Summer Spanish Institute changes lives year after year
|Students sit outside a school in Río Hondo, Guatemala, where they performed a program and gave their testimonies.|
When Dr. David Towles drove from California to Lynchburg to begin his career at Liberty University in 1976, he knew that learning languages in a classroom had certain limitations; one could learn history, grammar and culture, but much beyond that is impossible.
“To become fluent, you have to learn on the field,” said Towles. “So that’s when I first got the vision for doing an on-the-field trip.”
That vision has turned into 11 successful years of the Liberty University Spanish Institute, a two-month summer program that incorporates academics and evangelism.
Towles, director of the Spanish Institute and a Spanish professor, has partnered with Carlos Vargas, who he has called the “Dr. Falwell” of Guatemala — a man who thinks big and has seen to it that the impossible is regularly made possible.
Vargas is the founder of Hope of Life Ministries (Esperanza de Vida in Spanish) in Llano Verde, Guatemala. The organization operates an orphanage, a school with about 500 children, and a home for nearly 100 elderly people. Vargas’ ministry helps build churches and provides pastors with greenhouses so they can support their own families. The ministry has also been involved in a $5 million hospital construction project and hopes to be able to open one floor by next fall.
The trip, from May 15-July 10, has two parts: for the first month, students take classes, minister to the community and have English devotions at night; during the second month, each student lives with a local family — speaking only Spanish.
Bethany Davis, a senior Spanish major with minors in crisis communication and writing, is one of the student leaders this summer. She took her first trip to Guatemala in 2009 and said she most enjoyed living with the family for the second month (who she now considers her own family), building relationships with the other students and being able to share Christ with the people there. She speaks English, Spanish and Portuguese fluently.
|Students in this summer's Spanish Institute perform a program at the Hope of Life school in Guatemala.|
“I hadn’t led anyone to Christ in Spanish or in English, and to be able to do it in Spanish, on top of it, was one of the other great things about the trip,” she said.
Davis grew up in Spain and Portugal as the daughter of two missionaries, and she jumped at the chance to do mission work in a third-world country.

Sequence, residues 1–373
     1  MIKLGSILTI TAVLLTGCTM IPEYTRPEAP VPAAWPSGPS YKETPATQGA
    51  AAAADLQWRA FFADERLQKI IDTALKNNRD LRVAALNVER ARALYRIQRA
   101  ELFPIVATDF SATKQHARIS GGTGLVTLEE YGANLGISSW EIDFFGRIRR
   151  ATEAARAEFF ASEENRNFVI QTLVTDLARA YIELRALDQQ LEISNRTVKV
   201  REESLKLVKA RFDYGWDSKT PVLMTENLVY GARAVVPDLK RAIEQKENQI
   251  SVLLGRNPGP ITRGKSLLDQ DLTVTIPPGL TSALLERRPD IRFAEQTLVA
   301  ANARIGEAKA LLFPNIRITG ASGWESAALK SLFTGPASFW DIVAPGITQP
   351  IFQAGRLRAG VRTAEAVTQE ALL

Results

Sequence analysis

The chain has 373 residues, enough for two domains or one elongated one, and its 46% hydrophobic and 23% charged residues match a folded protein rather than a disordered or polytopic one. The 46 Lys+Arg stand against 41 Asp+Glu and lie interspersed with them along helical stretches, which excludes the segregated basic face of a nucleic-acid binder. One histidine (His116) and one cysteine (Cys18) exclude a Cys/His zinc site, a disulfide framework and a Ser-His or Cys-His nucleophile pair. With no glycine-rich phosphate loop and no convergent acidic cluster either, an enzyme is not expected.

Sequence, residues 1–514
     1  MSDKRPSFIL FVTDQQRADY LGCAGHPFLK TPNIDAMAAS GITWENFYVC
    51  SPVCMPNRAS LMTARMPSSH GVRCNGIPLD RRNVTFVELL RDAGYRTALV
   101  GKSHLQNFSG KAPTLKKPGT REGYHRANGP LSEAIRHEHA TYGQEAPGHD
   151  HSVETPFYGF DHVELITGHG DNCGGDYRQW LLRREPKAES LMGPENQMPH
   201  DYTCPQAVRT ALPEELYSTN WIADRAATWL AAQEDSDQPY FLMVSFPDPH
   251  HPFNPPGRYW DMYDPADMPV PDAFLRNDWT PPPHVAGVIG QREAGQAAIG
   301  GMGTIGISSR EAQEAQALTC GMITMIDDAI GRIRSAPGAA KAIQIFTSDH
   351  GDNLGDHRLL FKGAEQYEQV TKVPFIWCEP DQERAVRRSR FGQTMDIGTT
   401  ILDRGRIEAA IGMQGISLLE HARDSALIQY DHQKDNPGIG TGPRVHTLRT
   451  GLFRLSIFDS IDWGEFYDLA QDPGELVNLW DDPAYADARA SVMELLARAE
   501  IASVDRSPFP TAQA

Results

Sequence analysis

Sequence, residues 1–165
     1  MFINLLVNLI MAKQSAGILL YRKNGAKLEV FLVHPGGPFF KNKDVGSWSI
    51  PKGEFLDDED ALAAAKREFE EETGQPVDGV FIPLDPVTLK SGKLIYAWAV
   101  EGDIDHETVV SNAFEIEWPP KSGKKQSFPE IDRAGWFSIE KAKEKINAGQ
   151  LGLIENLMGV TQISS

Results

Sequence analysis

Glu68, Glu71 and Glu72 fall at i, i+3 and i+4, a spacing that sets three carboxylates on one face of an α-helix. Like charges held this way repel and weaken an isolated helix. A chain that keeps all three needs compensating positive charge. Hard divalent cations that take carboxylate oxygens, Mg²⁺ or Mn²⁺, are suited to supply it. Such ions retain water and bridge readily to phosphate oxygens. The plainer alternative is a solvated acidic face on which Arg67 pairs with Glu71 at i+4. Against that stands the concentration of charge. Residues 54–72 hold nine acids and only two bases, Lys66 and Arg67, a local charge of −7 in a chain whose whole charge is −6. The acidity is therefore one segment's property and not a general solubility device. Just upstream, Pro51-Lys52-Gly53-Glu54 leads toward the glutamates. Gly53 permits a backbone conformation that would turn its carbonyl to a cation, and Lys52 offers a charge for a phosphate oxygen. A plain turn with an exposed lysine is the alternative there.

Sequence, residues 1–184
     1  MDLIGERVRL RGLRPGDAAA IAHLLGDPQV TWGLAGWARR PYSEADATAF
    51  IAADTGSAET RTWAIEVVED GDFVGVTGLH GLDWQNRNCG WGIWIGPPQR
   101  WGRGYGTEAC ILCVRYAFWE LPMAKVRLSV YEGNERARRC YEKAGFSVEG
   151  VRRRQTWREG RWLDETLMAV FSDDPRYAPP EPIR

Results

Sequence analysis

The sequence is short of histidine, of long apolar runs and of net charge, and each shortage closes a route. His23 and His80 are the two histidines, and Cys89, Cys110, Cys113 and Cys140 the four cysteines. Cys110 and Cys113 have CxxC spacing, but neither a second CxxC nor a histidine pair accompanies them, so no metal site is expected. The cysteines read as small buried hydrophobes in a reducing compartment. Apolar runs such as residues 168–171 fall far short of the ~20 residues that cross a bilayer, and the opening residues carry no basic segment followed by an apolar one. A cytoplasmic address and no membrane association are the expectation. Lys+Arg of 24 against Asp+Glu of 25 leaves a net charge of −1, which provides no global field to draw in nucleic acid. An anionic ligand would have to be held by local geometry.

“I’ve always been the missionary kid, never the missionary,” she said. “So going to Guatemala was the first time where I was the one going out and not just following my parents and doing what they say.”
Kandace Beck, a senior Spanish major with a teacher licensure, went to Guatemala last year and is a student leader this year.
“I am so happy that I got involved with the Spanish institute because it really got me out of my comfort zone and was a life-changing experience,” Beck said.
Towles said the students also provide encouragement for the local Christians there.
|Students spent time with children at the Hope of Life Nutrition Center in Guatemala.|
“When we show up it’s likely that five or 10 more people will come to their church. And out of that five or 10, it’s likely that one or two more will come regularly or be led to Christ,” Towles said. “ … In Guatemala they preach five to seven nights a week … so these people really need us to come alongside to help them, to do visitations for them, just to love on them a little bit. It means a lot to them.”
The trip is not reserved for Spanish majors only. It is required, however, that students know how to go through the plan of salvation in Spanish, give his or her testimony in Spanish and commit to staying in Guatemala for two months. The trip has appealed to students in the nursing and education programs.
Towles said the Spanish Institute is fulfilling Liberty’s mission to train Champions for Christ.
“Jerry [Falwell] Sr. used to say this all the time: ‘What we want is action-oriented curriculum.’ What is more action oriented than going to Guatemala, taking Spanish classes and sharing Christ in Spanish?”